DEAR READERS: I'm stepping away from the "Ask Amy" column for a week. Please enjoy these hand-picked "best of" columns in my absence.
DEAR AMY: I have a dear friend who announced she was going to start her own catering business. She is a very talented cook and enlisted my help. I had not been to her home prior to this, and when I got there I could not believe my eyes.
There was mud tracked all over the floor; the stove and counters were encrusted with various types of spills; the cabinets and walls had drips and smears all over them. She has cats, and I even saw one trying to eat out of a pot on the stove. But by far the most horrific thing I witnessed was this ratty sponge she had. Not only did she wash dishes with it, but she would halfheartedly clean the counters with it, and once she wiped up a spill off the floor with it. Then back in the sink it went.
Whenever I gingerly addressed the cleanliness issue, I was met with a shrug.
Don't get me wrong, I am not antibacterial-crazed, but this experience crossed the line. As she is doing this out of her house and not fully established yet, calling the health inspector is not possible. — So Incredibly Grossed Out (2004)
DEAR GROSSED: Pets probably aren't even the primary problem here. As you note, the sponge your friend uses is its own weapon of mass destruction.
I found a very helpful website sponsored by the Partnership for Food Safety Education (fightbac.org). You can download fact sheets about safe food handling in the home to share with her. Perusing the site, I learned, for instance, that we should be washing our hands with soap for a full 20 seconds before and after handling food. Twenty seconds is a long time. The site also has tips on safe food handling techniques and recommendations for how to clean, cook and store food.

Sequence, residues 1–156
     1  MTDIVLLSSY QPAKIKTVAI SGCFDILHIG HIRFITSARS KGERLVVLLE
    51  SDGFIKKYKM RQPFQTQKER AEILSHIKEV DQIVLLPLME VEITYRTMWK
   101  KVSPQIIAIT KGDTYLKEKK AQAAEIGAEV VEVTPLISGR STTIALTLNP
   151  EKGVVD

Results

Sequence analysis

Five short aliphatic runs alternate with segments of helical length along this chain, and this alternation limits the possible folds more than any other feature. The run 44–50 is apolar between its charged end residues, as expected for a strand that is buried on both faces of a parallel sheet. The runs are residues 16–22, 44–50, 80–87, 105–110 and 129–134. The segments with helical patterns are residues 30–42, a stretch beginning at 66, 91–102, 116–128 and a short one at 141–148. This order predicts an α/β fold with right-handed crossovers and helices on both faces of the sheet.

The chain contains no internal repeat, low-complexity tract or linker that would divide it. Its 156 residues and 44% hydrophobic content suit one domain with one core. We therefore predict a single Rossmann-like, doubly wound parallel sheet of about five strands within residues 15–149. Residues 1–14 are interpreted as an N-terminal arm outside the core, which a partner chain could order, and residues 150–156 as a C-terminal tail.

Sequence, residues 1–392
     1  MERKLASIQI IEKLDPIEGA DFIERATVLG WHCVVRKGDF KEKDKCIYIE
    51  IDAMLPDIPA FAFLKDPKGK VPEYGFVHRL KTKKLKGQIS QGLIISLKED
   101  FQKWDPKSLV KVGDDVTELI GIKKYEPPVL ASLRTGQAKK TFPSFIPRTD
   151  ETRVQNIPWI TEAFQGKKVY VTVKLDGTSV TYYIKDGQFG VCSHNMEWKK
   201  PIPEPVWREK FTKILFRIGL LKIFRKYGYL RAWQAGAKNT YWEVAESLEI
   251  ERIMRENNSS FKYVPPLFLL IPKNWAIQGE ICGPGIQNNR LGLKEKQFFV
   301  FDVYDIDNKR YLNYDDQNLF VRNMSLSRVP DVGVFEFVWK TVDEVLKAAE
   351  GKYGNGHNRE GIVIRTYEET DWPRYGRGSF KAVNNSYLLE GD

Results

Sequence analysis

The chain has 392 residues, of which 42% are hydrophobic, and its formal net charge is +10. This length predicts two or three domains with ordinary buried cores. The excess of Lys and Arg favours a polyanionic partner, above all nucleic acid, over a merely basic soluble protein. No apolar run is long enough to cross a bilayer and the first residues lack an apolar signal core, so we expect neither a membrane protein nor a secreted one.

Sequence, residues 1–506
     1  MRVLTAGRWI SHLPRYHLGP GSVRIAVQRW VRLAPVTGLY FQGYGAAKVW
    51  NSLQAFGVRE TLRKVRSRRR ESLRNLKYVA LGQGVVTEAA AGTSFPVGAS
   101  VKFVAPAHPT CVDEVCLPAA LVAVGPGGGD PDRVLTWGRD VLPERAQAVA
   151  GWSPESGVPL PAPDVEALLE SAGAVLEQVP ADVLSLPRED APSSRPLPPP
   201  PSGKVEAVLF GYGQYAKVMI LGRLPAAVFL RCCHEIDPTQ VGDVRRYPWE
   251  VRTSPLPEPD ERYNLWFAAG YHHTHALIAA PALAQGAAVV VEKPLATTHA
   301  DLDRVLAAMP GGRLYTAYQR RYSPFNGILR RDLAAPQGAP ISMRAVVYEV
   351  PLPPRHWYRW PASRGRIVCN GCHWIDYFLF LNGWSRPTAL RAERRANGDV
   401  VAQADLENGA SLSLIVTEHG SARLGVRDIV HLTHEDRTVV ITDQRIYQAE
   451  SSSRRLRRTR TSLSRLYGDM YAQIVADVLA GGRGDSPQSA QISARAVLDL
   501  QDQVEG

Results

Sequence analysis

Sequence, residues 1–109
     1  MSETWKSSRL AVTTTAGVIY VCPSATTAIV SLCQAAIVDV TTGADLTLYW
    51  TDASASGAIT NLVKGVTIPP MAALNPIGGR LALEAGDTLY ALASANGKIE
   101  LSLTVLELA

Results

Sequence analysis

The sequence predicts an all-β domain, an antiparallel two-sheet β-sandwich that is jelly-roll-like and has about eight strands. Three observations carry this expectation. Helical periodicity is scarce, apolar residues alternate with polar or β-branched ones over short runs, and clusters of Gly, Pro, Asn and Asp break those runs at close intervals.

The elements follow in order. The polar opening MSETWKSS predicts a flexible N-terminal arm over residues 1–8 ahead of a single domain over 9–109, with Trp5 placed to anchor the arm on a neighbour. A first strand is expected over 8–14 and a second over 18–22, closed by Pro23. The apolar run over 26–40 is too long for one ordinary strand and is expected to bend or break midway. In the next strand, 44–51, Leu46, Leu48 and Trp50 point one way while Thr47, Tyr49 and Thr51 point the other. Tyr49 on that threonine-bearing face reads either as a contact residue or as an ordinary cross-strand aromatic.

Obviously, if she produces food for the public out of this unsafe environment, that is an extremely serious issue. Food-borne illnesses sicken thousands of people a year and can lead to other chronic illnesses. You don't make it clear whether your friend has actually started her catering business, but if she has — even informally —I think you should contact the health department to see what it recommends.
DEAR AMY: I am 23 and living with my dad in my grandmother's house.
My father treats me with respect and like the adult I am. Most of all, he respects my privacy.
Grandma is another story. I pay my rent on time, plus whatever else I may owe, but she gives me grief about my finances — and lots of other things.
Mainly, she seems to hate the fact that I have pen pals. I enjoy writing letters, and I have pen pals scattered across the U.S. and Canada. I've been writing to most of them for more than five years.
My grandma thinks this is the stupidest thing she has ever heard of.
Four years ago I got a P.O. box because she was complaining about how much mail was coming into the house. Yesterday I came home, and she was reading one of my letters, retrieved from my bedroom. How can I deal with this? I'm unemployed at the moment and living off savings, but I am looking for a job to try and move out. — Kylie (2005)
DEAR KYLIE: I priced some security options for you and your mail. One product I saw is a small safe that has a locking mechanism that even a determined grandmother might find impossible to crack. It is made by a well-known manufacturer and costs less than $30.
After you tell your grandmother that you don't appreciate her ongoing invasion of your privacy, you should get yourself a reasonably priced safe to store your documents. Let this episode be another very good reason for you to get a job and move out.
Oh, and tell your grandmother she can come in and read my mail, any day. I've got plenty to go around.